“We know how you feel, Margaret. Life in general can be very frightening at times. As a granny myself, I get worried too. But in the last two years, I’ve been trying to live in the moment. I don’t always succeed but when I do, I feel calmer. One friend says that she is always working out emergency plans in case something goes wrong. But when it doesn’t, she’s wasted a lot of energy worrying. The old saying ‘It may never happen’ is very true.
“A dear writer chum, who has now passed away, gave me this valuable piece of advice when my first marriage was breaking up. Look back on your life and imagine it as a road map. Then ‘draw’ stops like stations to represent difficult times in your life. Light them up in your head to show that you got through them. Tell yourself that if you did that before, you can do it again. So every time you get through a tricky situation, see it as a light on the map and use it as inspiration to go forward. I hope this helps you. Meditation can also help and deep breathing.
“You could also make a list of tips and advice you would like to pass onto your grandchildren. Writing this down can be very cathartic and also reassuring for you. I speak from experience. When my mother was dying at the age of 56, she told me that bad things would happen to me in life but that I would get through them. She was right and her words have stayed with me forever. Have faith, Margaret. Love, kindness and friendship will give us strength to get through.”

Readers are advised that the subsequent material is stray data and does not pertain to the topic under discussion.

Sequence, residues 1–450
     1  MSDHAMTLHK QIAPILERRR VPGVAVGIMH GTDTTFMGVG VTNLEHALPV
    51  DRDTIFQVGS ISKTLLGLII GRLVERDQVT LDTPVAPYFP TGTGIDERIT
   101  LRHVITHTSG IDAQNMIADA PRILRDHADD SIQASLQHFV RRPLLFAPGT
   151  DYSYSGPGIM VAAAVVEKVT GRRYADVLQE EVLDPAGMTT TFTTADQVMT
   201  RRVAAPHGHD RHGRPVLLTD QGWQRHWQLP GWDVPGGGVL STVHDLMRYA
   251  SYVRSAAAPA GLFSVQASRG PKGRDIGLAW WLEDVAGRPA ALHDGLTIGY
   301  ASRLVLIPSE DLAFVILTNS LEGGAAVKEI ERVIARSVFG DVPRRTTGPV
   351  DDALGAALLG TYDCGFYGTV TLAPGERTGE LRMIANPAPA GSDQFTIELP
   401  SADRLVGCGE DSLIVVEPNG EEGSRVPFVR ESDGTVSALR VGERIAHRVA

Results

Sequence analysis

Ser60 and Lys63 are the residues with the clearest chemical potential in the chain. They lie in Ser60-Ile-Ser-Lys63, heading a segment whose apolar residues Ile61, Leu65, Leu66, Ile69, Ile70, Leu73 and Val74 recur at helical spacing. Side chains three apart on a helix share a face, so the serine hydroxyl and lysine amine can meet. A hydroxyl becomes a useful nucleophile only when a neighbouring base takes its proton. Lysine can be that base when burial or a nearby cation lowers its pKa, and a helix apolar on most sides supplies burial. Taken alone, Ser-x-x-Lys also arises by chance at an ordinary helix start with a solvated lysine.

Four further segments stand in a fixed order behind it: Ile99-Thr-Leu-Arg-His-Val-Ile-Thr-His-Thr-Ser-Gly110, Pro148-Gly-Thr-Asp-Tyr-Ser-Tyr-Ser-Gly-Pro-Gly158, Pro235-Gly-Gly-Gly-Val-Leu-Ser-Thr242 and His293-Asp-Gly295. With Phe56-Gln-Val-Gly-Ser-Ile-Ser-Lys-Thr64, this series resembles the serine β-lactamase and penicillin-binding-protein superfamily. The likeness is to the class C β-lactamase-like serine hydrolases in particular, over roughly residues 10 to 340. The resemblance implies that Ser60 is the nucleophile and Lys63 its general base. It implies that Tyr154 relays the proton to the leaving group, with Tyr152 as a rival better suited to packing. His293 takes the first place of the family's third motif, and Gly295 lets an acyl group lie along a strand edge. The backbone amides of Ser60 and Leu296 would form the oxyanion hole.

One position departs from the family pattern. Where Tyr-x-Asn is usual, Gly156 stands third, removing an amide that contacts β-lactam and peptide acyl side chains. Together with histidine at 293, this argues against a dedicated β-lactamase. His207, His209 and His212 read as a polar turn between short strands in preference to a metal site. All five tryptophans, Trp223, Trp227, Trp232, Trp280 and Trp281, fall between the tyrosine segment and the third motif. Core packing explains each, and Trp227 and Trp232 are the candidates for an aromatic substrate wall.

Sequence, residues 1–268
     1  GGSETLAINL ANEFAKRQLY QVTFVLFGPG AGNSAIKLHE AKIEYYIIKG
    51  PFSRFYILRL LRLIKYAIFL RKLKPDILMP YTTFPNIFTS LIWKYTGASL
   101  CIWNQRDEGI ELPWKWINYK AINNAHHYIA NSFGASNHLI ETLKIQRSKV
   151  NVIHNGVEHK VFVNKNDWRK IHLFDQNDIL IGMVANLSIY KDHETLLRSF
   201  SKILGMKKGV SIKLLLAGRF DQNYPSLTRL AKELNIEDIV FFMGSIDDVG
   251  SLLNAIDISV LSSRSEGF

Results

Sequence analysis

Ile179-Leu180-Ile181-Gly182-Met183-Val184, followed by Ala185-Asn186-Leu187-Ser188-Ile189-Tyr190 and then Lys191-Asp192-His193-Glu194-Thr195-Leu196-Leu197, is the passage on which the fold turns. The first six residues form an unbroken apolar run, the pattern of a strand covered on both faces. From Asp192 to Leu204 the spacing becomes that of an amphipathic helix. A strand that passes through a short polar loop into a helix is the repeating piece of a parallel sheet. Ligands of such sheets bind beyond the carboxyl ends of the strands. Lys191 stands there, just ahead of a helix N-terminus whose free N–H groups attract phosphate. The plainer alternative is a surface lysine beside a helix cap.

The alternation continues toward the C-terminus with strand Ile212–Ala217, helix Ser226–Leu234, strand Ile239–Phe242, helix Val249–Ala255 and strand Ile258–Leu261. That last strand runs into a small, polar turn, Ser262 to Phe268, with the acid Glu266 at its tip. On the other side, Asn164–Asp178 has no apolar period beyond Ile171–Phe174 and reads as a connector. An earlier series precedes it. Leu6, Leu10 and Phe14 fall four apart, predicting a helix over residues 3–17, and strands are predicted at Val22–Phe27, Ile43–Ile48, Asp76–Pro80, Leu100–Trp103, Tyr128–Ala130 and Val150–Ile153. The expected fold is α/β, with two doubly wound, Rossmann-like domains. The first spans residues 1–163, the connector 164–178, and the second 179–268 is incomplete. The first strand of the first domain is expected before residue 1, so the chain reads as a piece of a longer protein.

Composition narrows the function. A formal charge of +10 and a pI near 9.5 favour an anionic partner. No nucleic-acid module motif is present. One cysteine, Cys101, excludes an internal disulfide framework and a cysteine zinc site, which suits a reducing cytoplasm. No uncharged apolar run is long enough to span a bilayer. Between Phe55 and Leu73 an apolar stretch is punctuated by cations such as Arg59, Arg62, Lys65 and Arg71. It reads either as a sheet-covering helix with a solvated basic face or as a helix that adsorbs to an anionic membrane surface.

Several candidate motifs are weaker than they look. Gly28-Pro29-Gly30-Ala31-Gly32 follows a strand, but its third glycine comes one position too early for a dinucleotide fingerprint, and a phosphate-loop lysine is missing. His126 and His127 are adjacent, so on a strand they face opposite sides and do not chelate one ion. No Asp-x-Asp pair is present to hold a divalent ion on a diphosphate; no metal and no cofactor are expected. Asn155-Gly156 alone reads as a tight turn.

Grandparent of the Week – Gill
Gill and her husband have three grandchildren, Charlie (3), Poppy (2) and Alfie (1)
What are you known as?
Mimi. There’s no particular reason why – I just liked the name!
What sort of things do you do together?
We are lucky enough to live near all three so we help out quite a lot. We cook, paint, do some crayoning and play shops! There’s also a lot of imaginary play. Another favourite is looking for snails in stone wall cracks as we walk along. They are all quite creative. In the picture below, Poppy made a card for great-great Uncle Roy’s 100th birthday. He was a war veteran and a hero.
What’s the best thing about being a granny?
The love I have for them. It’s as great as that for my own children yet at the same time, it’s a different kind of love. A real closeness. When they were toddlers, they stretched out their arms to be hugged by me.
How is it different being a granny from being a parent?
You have more time as a grandparent. You’re not caught up in all those domestic chores so you can have more fun. You also don’t have to do the ‘bringing up’ part and setting rules.
Do you have a different relationship with each grandchild?
Yes – although it’s difficult to explain it. Alfie is only one but there’s still that eye to eye contact and a certain understanding between us.
Do you see your own boys in your grandchildren?
Every now and then, I get glimpses. It’s like déjà vu.
If you’d like to be our Grandparent of the Week, or ask a question, or tell us about your experiences as a grandparent, please get in touch. Email us at email@example.com.
Curl up with a book
When Emily makes a mistake at work, she goes running home to her elderly father in Cornwall – only to be met by a stranger. WE ALL HAVE OUR SECRETS is Jane Corry’s latest Penguin novel. You can pre-order on http://linktr.ee/janecorry